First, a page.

Claude Dauphin (Barbarella) and several other Frenchmen are joined by the Parisian
(First Spaceship on Venus);
Michael Redgrave is almost alone as the Englishman, and the interesting-looking Italian actress
(Contempt, Land of
the Pharaohs, two Steve Reeves spectaculars) is Phuong, the love interest. Audie Murphy is
barely adequate as the American but his shallow acting style does contribute to making the character
seem superficial; everything he does, from suddenly showing an interest in Phuong to magically
appearing in a war zone, seems supect. Murphy's casting was possibly a clever attempt by
Mankiewicz to entice American viewers into seeing a political movie. Whatever happened, the plan
backfired; I find it impossible to believe that Joseph Mankiewicz would go to all the trouble of
filming Greene's book, only to turn its political message on its head. Then again, neither can I
see Mankiewicz ever expecting to be allowed to release a movie that showed an American 'aid
representative' actually instigating terrorist bombings and mass murders to further U.S. aims.
Note: I was completely mistaken in this... see footnotes: 1
That's the difference between the 1958 and 2002 versions of The Quiet American: Back when
the news of CIA foreign adventures needed to get out, Greene's message could be suppressed. In 2002,
the public discourse on such subjects is so muddied that nobody pays attention, even when bombs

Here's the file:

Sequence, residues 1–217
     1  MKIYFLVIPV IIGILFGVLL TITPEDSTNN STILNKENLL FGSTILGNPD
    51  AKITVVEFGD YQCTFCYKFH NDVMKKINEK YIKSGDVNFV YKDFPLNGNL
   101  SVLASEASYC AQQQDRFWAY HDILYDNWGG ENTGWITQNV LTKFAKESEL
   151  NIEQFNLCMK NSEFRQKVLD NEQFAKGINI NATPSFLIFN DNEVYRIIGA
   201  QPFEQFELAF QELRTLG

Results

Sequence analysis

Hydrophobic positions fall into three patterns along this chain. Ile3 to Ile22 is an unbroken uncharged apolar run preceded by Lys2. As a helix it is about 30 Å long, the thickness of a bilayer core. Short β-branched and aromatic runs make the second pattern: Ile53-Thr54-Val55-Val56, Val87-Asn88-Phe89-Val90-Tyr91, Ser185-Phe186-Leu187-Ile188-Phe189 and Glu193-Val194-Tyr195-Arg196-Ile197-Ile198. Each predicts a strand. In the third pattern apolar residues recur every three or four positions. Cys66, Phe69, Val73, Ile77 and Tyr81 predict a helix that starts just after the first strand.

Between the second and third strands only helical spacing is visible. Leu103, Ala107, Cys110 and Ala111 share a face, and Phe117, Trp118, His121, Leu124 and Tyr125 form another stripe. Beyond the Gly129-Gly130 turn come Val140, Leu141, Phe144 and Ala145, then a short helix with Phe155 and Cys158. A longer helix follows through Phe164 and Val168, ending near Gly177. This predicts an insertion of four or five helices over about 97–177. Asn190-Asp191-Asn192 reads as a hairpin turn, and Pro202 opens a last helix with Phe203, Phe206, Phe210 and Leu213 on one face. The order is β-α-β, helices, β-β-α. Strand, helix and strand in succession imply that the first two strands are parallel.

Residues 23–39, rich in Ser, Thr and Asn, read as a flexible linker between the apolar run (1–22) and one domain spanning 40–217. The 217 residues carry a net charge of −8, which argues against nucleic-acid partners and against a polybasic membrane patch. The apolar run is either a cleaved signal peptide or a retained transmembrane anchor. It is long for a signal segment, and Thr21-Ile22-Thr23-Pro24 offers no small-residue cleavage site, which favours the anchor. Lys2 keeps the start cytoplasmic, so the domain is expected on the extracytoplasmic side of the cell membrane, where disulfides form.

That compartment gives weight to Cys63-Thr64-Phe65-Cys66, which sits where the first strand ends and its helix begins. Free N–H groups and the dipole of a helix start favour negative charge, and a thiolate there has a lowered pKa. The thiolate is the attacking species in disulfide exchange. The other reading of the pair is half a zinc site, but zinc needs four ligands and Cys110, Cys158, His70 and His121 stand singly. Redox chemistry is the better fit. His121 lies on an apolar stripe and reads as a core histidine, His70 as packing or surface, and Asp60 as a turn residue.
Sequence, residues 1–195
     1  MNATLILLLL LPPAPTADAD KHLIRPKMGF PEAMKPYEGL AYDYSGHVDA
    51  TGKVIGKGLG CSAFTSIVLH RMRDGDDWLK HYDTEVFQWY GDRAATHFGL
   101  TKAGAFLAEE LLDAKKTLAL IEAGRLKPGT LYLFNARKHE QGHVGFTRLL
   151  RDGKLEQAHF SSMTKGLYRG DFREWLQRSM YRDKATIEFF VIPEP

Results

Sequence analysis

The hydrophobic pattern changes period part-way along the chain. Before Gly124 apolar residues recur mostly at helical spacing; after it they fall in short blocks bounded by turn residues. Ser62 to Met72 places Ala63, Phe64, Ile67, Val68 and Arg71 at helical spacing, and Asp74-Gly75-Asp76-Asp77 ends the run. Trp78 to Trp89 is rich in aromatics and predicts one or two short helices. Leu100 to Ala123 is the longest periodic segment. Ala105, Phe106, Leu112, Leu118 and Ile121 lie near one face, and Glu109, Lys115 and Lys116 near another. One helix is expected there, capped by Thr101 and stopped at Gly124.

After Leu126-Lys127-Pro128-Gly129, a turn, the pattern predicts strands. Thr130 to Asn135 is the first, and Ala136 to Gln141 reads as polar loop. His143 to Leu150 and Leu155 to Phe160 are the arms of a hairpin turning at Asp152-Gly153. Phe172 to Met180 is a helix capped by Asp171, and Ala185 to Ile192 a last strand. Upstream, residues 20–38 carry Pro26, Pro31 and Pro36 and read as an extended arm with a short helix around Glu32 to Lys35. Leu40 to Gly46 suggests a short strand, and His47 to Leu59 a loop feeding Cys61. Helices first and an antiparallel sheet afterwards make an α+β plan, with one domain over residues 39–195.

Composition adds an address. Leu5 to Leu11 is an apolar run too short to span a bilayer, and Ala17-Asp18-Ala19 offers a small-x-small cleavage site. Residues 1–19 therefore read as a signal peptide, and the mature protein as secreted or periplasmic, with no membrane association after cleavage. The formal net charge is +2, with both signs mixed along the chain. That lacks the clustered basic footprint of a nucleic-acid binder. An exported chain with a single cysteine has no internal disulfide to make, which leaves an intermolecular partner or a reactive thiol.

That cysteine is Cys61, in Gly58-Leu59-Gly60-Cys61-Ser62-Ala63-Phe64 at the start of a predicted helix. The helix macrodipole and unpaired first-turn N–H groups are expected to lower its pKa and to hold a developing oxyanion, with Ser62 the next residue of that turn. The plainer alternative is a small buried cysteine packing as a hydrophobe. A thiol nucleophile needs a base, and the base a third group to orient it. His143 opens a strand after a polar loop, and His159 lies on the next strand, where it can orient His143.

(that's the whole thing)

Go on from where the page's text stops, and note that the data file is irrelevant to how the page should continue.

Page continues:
are going off in our own back yards.
MGM's DVD of The Quiet American is an acceptably good non-enhanced transfer that shows off the
film's impressive production qualities. It's said to be the first American film shot in Vietnam.
There are no
extras or production notes. The nicely designed cover art is reminiscent of the recent MGM release
The Four Feathers.
On a scale of Excellent, Good, Fair, and Poor,
The Quiet American rates:
Packaging: Keep case
Reviewed: April 29, 2005
Thinker's Damn: Audie Murphy, Vietnam, and the Making of the Quiet American is a 2001 book about
the making of Mankiewicz' movie that reportedly answers a lot of these questions. I haven't read
Greene's book, so I'm basing my comments above on what I read when the 2002 film came out. I have
a copy of the new book on order to find out for myself.
2. Note from Paul Mavis 4/3/05: You wrote: "I find it impossible to believe that Joseph Mankiewicz would go to all the trouble
of filming Greene's book, only to turn its political message on its head."
Believe it, Glenn. This is from my spy book:
Mankiewicz, obviously not revering Greene's work - he called the novel, "a terribly distorted
kind of cheap melodrama in which the American was the most idiotic kind of villain"
(Kenneth L. Geist, Pictures Will Talk: The Life and Films of Joseph L. Mankiewicz,
p. 269, 1978) - decided to change the ending of the novel, thus incurring the wrath of the
high-brow critics who fancied Greene a more serious writer than he was. Greene had told others
that he had written the book in a fit of pique against the American government, an emotion
that Mankiewicz found "childish" (Geist, p. 270). Greene, not one to take a hit unanswered,
responded: "One could almost believe that the film was made deliberately to attack the book and
the author, but the book was based on a closer knowledge of the Indo-China war than the American
director possessed, and I am vain enough to believe that the book will survive a few years
longer than Mr. Mankiewicz' incoherent picture (Geist, 278).
I think, Glenn, you have to take Mank's liberal politics (distrustful of conservative values)
as something other than a willingness to take any side against America (such as Greene's
unabashed, vehement hatred for America). - Paul Mavis
DVD Savant Text © Copyright 2007 Glenn Erickson